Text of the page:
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Hinde (1904) records mugogo as an equivalent of English log and bridge in “Jogowini dialect” of Kikuyu, listing also Swahili gogo (log) (pl. magogo) as its equivalent.[1]


  • IPA(key): /mòɣɔ́(ː)ɣɔ̀(ꜜ)/
According to Clements & Ford (1979:196), the first ɔ is pronounced long.[2]
As for Tonal Class, Benson (1964) classifies this term into Class 9 with a disyllabic stem, together with gĩcũhĩ, njũi, and so on.



mũgogo class 3 (plural mĩgogo)

  1. stout log[5]
  2. fallen or felled trunk[5]
  3. log bridge, trunk bridge
    kwara mũgogo - to build a log bridge (over a stream)[5]

Derived terms



See also



  1. ^ Hinde, Hildegarde (1904). Vocabularies of the Kamba and Kikuyu languages of East Africa, pp. 10–11, 38–39. Cambridge: Cambridge University Press.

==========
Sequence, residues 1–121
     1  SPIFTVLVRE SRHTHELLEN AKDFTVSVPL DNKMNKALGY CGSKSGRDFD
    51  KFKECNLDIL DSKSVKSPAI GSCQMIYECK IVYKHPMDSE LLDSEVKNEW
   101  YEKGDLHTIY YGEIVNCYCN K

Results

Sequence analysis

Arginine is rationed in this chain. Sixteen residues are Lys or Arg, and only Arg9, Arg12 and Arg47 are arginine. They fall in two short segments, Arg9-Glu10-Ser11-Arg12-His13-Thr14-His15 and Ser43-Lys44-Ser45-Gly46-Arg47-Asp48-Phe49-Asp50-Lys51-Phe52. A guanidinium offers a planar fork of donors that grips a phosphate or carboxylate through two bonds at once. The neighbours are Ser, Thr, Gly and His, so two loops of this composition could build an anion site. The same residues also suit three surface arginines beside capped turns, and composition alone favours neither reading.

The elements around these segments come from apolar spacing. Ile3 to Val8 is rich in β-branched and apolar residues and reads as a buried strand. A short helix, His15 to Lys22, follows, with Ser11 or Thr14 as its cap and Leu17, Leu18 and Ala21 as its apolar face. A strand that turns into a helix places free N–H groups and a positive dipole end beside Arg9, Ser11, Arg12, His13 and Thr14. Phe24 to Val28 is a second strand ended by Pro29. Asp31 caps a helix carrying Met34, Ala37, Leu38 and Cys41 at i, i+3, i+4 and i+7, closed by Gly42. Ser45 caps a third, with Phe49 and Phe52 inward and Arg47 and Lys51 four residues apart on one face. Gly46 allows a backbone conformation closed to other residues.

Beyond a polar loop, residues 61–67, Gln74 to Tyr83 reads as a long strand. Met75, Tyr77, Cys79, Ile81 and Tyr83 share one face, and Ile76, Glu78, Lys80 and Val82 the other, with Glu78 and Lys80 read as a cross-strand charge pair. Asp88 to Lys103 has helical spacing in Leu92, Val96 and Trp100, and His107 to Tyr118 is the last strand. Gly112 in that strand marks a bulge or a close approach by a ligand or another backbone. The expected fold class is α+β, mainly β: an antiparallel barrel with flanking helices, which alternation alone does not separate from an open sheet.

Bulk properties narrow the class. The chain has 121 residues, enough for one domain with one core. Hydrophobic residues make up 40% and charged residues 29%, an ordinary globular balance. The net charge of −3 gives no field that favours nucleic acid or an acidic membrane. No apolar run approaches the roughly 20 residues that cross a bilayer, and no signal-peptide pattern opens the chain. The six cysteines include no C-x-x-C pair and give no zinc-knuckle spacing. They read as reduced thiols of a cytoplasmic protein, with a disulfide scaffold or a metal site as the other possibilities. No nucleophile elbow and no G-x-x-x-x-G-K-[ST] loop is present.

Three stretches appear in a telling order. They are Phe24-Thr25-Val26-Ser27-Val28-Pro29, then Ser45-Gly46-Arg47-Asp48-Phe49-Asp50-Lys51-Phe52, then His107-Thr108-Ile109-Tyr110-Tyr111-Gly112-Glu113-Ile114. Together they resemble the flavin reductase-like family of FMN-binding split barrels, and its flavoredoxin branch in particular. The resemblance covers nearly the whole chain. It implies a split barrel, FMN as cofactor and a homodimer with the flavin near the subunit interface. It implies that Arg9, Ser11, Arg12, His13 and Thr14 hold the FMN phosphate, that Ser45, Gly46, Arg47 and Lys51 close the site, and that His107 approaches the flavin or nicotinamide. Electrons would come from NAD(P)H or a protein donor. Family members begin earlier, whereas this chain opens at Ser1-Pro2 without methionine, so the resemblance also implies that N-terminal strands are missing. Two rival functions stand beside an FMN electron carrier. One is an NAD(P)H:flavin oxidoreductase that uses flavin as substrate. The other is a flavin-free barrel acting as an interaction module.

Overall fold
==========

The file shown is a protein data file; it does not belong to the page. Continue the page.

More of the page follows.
2. ^ Clements, George N. and Kevin C. Ford (1979). "Kikuyu Tone Shift and Its Synchronic Consequences." In Linguistic Inquiry, Vol. 10, No. 2, pp. 179–210.
  3. ^ Yukawa, Yasutoshi (1981). "A Tentative Tonal Analysis of Kikuyu Nouns: A Study of Limuru Dialect." In Journal of Asian and African Studies, No. 22, 75–123.
  4. ^ Yukawa, Yasutoshi (1985). "A Second Tentative Tonal Analysis of Kikuyu Nouns." In Journal of Asian and African Studies, No. 29, 190–231.
  5. 5.0 5.1 5.2 gogo” in Benson, T.G. (1964). Kikuyu-English dictionary, p. 115. Oxford: Clarendon Press.